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Guide to the ARS Audiotape Collection ARS.0070
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Collection Details
Table of contents What's This?
  • Descriptive Summary
  • Access
  • Publication Rights
  • Preferred Citation
  • Sponsor
  • Arrangement
  • Scope and Contents
  • Indexing Terms

  • Descriptive Summary

    Title: ARS Audiotape Collection
    Dates: 1900-1991
    Collection number: ARS.0070
    Collection size: 15 boxes : 419 open reel tapes, 9 audiocassettes, 60 videocassettes
    Contributing Institution: Archive of Recorded Sound
    Abstract: Miscellaneous tape recordings, mostly small donations, that span the history of the Archive of Recorded Sound.
    Language of Material: Multiple languages


    Open for research; material must be requested at least two business days in advance of intended use. Contact the Archive for assistance.

    Publication Rights

    Property rights reside with repository. Publication and reproduction rights reside with the Creators or their heirs. To obtain permission to publish or reproduce, please contact the Head Librarian of the Archive of Recorded Sound.

    Preferred Citation

    ARS Audiotape Collection, ARS-0070. Courtesy of the Stanford Archive of Recorded Sound, Stanford University Libraries, Stanford, Calif.


    This finding aid was produced with generous financial support from the National Historical Publications and Records Commission.


    Most recordings are described under the series marked "Miscellaneous" according to format and reel size. Some recordings with more distinct provenenance are listed alphabetically by main name or subject associated with it.

    Scope and Contents

    The ARS Audiotape Collection consists of audio recordings on tape from small donations with limited documentation and context. In a sense, this group of recordings represents the history of the Archive of Recorded Sound and its role both on the Stanford campus and in the greater community of collectors and researchers. The diversity of content here is beyond a simple listing: radio programs, recitals and performances, interviews, actualities, transfers of rare historical recordings, theater production sound effects, even arguably negligible personal recordings (such as "Craig's Trumpet 6th Grade" and "Clinical Medical Electronics Narration"). Some are transfers of a donor's originals which may not exist or be traceable today. Many tapes are stamped Archive of Recorded Sound, or Music Library; these were teaching tools and reserve listening for classes. Unsurprisingly, many tapes are minimally annotated. Spelling has been corrected and expanded when reasonably certain, and brackets have been used for guesses. Also, it is important to note that none of this material has been verified by listening. This finding aid is a work in progress, and tapes will be added or removed as it develops.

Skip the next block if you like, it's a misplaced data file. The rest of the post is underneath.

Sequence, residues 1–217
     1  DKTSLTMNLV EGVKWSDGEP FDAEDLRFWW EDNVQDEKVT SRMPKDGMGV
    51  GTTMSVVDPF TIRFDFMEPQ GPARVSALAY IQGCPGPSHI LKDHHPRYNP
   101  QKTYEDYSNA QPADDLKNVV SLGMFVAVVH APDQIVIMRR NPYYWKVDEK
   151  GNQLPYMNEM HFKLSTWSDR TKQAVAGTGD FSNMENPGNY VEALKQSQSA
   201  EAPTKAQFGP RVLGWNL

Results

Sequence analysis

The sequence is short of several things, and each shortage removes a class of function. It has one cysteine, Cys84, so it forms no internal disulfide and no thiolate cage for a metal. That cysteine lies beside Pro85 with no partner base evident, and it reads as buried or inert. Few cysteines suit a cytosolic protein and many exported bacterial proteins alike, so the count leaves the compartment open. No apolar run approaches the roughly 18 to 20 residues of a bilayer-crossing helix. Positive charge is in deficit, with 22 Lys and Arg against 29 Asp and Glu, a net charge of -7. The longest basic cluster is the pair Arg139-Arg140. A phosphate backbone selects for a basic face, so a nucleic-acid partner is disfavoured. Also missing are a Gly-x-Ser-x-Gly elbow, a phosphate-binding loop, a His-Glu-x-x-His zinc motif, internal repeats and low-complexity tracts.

Among the many fascinating recordings listed here: Martin Luther King speaking at Grace Cathedral in San Francisco less than a week after the last Selby march; King George V's 25th Jubilee Address in 1935, originally recorded on an aluminum disc; Queen Elizabeth's coronation ceremonies from a local broadcast in 1953; songs of the Berkeley Free Speech Movement ; the (unpublished) voices of Albert Schweitzer, Lee De Forest, Dylan Thomas, Ogden Nash, Robert Frost, and Pablo Neruda; Lt. Commander Richard Stratton's POW confession in Vietnam; interviews with the Chicago Seven in 1970; Country Joe and the Fish outakes from the KQED studios in 1967; Emperor Franz Joseph speaking into Poulson's telegramophone in 1900; Duke Ellington recorded at Basin Street West in 1965 for use in the documentary "Love You Madly;" Marian Anderson in personal recordings made for RCA and in an interview at the United Nations in 1976; President Kennedy speaking with the Nigerian Prime Minister as the first satellite communication in 1963; a series of interviews with early airplane pilots; audio from television specials from Tony Bennett, Ann-Margret and Nancy Sinatra 1967-1868; Russian Molokan Church Music recorded in Potrero Hill, San Francisco in the early 1950s.

    Indexing Terms

    Live sound recordings
    Radio programs